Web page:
Actress Loses Privacy Lawsuit Against IMDb.com

An actress who sued Amazon's IMDb.com for revealing her true age lost her case this week, when a jury rejected her contention that the Web company violated its privacy policy by posting her year of birth.

It's not known why the jury rejected actress June Hoang's claim. But the trial did make at least one thing very clear: Lying about your age isn't easy in the era of Big Data.

Hoang first created a profile on IMDb.com back in 2004. At the time, she wrote that she was born in 1978. In fact, she was born in 1971.

Several years later, Hoang no longer wanted 1978 year of birth to remain on her profile. She asked IMDb.com to remove it, but the company refused. She went back and forth with IMDb.com for a while, eventually sending altered documents that purported to show a different year of birth.

Meanwhile, someone at IMDb.com decided to conduct an investigation. As part of that process, a company employee allegedly accessed the credit card data that Hoang submitted when registering for a premium profile on the site. (Hoang used a stage name on her profile, but her real name on the credit card.) After IMDb.com figured out Hoang's real name, the company scoured public records until discovering that she was born in 1971. The company then added that information to her profile.

Hoang sued IMDb.com last year, arguing that the company violated its privacy policy by allegedly accessing her credit card data -- which was supposed to remain confidential.

IMDb.com countered that the fine print in its privacy policy gave it cover. The company pointed to a clause allowing it to draw on information submitted by users in order to respond to requests by consumers.

But the privacy policy also says the company will seek users' consent before disclosing their data with third parties -- like readers of IMDb.com.

Seattle attorney Venkat Balasubramani, who blogged about the trial, says this all adds up to a privacy policy that's “painfully ambiguous about IMDb could do with the information it 'collected.'”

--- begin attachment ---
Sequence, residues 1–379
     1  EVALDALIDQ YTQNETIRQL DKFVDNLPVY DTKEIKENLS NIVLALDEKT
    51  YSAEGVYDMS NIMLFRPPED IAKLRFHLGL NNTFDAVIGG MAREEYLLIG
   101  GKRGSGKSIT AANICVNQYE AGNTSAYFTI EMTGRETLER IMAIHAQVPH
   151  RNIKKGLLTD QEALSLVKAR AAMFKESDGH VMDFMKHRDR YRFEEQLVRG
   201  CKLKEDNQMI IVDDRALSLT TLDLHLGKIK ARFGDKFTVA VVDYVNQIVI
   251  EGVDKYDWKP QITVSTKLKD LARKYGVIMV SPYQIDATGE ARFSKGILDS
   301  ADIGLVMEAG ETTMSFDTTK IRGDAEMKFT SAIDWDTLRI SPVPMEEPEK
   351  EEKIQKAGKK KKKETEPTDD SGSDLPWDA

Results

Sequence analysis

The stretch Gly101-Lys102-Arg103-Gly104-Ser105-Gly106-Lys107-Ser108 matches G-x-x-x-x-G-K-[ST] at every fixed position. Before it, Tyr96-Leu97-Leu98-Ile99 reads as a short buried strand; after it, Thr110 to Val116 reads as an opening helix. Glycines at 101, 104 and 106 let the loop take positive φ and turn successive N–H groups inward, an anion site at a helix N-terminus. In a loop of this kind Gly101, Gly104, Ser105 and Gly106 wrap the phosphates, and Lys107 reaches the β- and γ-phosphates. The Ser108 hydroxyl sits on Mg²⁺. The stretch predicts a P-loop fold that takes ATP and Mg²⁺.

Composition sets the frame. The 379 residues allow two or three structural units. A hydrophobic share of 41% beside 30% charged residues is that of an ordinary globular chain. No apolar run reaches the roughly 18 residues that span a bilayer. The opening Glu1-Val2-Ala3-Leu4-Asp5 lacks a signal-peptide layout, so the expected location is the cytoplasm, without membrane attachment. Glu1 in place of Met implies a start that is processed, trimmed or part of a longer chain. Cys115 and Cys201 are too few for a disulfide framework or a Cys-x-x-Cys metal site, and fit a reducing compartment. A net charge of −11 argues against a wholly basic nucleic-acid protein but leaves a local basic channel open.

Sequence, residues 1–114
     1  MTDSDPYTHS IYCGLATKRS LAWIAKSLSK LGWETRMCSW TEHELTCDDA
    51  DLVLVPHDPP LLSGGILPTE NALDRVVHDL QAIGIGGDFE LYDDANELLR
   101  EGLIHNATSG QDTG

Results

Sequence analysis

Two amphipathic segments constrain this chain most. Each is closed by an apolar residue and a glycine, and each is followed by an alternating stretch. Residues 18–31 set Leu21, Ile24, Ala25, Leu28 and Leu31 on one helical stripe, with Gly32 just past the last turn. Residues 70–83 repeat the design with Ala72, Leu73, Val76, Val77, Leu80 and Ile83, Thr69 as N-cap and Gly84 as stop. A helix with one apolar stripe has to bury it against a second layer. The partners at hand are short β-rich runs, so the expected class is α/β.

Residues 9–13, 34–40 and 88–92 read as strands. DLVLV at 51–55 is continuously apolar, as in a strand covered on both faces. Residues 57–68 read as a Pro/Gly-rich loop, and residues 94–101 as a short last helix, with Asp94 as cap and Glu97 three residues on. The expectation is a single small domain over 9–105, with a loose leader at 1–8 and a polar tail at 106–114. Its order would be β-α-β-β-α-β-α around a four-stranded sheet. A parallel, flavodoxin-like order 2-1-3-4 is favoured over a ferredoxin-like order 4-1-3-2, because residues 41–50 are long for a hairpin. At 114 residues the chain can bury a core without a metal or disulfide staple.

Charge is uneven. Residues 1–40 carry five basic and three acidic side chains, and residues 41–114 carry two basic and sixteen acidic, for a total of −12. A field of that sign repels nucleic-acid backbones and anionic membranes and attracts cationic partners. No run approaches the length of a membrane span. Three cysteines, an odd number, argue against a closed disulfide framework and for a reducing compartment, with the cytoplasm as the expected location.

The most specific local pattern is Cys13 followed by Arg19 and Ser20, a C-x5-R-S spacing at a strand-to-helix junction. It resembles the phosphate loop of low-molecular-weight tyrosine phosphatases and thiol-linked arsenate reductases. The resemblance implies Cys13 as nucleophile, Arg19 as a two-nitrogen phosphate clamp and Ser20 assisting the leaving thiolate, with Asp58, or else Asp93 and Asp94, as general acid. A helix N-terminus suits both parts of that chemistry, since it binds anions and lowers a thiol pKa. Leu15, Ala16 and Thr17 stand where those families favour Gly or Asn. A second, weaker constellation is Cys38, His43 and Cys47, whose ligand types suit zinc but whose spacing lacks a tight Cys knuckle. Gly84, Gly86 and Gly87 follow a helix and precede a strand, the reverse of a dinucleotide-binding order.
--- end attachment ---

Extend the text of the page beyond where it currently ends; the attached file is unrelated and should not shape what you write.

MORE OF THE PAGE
Either way, the jury wasn't swayed that IMDb.com had violated its contract with Hoang.

Hoang isn't the first person to feel betrayed by how a Web service handled registration data. Several years ago, Ohio judge Shirley Strickland Saffold sued the Cleveland Plain Dealer for allegedly unmasking her as a prolific anonymous commenter.

Saffold alleged that the paper violated its privacy policy by revealing in a March 2010 article that someone using her email account had posted comments to 80 stories under the pseudonym "lawmiss."

The paper reported that “lawmiss” had commented on pending legal cases, including a capital murder trial. At the time, then-editor Susan Goldberg argued that the judge's identity was newsworthy.

Unlike Amazon, the Plain Dealer settled with Saffold rather than go to trial. But both cases show just how easily information about people can be accessed -- and used in ways that they didn't authorize.

As Balasubramani writes this week: “IMDb’s ability to look into its registration database and determine Hoang’s true name, and from there obtain her date of birth with just a few mouse-clicks, was a great illustration that you’re never as anonymous or pseudonymous as you think you are.”

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